Chess any Mythology

By Bill Wall


I recently read a book called The Dictionary of Mythology: An A-Z of Themes, Legends and Heroes by J.A. Coleman.  I was surprised of seeing several chess references in this nice book. 


Here are some examples.


Alardo (Allard) was the son of Duke Aymon and Beatrice of Dordonne.  He was killed by Charlot, the son of Charlemagne (742-814), who, in a fit of rage, struck Alardo on the head with a chess board when Arlado won the game against Charlot.  The same story is also said that Charlot lost a chess game to Baldwin.  After Baldwin announced checkmate “Charlot rose in a fury, seized the rich and heavy chess-board, and dashed it with all his strength on the head of Baldwin, who fell, and died where he fell.”

Baldwin, the son of Ogier and Belicene, was presented at Charlemagne’s court at an early age and became a companion to Charlemagne’s son, Charlot.  Charlot lost his temper when Baldwin was winning a game of chess and struck the boy over the head with the chess board, killing him outright.  In other accounts, Renaut killed Bertelai and Charlot killed Alardo in this fashion.

In another tale, Charlot, the son of Charlemagne, killed Baldwin, the son of Ogier the Dane, over a game of chess.  Ogier would have killed Charlot, but a servant intervened.  Another version is that he killed Alardo over a game of chess.  Rinaldo (Renaud), brother of Alardo, then killed Charlot in revenge.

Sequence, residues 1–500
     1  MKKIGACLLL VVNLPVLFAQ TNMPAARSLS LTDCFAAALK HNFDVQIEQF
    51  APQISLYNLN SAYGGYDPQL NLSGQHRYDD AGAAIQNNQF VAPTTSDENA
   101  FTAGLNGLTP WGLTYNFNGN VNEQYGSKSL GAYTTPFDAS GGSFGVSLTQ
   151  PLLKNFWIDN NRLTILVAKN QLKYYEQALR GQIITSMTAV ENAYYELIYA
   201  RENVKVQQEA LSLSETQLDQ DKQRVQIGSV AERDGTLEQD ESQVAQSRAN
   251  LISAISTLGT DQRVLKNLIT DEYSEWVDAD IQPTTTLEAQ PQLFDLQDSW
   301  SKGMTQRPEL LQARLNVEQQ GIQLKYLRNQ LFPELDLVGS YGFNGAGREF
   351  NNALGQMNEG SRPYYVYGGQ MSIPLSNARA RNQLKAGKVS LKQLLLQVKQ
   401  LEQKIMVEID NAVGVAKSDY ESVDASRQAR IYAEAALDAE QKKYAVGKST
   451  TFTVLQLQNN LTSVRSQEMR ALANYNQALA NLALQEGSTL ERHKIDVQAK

Renaut (Rinaldo), was the son of Aymon and Beatrice.  In an argument over a chess game, Renaut struck Bertelai, the nephew of Charlemagne, with the chess board and killed him.  He and his brothers then fled to their father’s castle, but he threw his sons out.  In a Dutch story, Renaut killed Lodewijk (Louis) who had struck one of Renaut’s brothers with a chess board.

Art Aoinfheart was a high king of Ireland.  His father, Conn (King Conn of Ireland), married the goddess Becuma, from the land of Faery.  Becuma was previously married, but chose to leave her husband and fell in love with another in Faery land.  So she was banished to earth.  Becuma was jealous of her stepson, Art.  So to prevent problems between them, she had Conn send Art on a one year quest.  Becuma beat Art in a game of chess (with a little help from her foster sister, Aine) so he agrees to go on the quest.  Art rescued Delbchaem from the tower in the Land of Wonder where she had been imprisoned by her parents.  Art then took her home to Ireland and married Delbchaem and became king.  He then expelled the goddess Becuma from Ireland having beaten her in a second game of chess to decide which of them should leave. 

In another Irish Fairy Tale, Becuma challenges Conn’s son, Art to a game of chess and loses. As a penalty, Art instructs Becuma to leave Ireland until she locates the wand of Curoi, a task he hopes will be impossible. Becuma uses her contacts in Faery to locate it quickly, and she retrieves it. Becuma challenges Art to a second game of chess and wins. Becuma instructs Art to leave Ireland until he locates Delvcaem, daughter of the magician Morgan. Art undergoes a long quest full of trials and dangers before finding Delvcaem imprisoned by her parents. Art slays Morgan and his wife, marries Delvcaem, and returns with her to Ireland.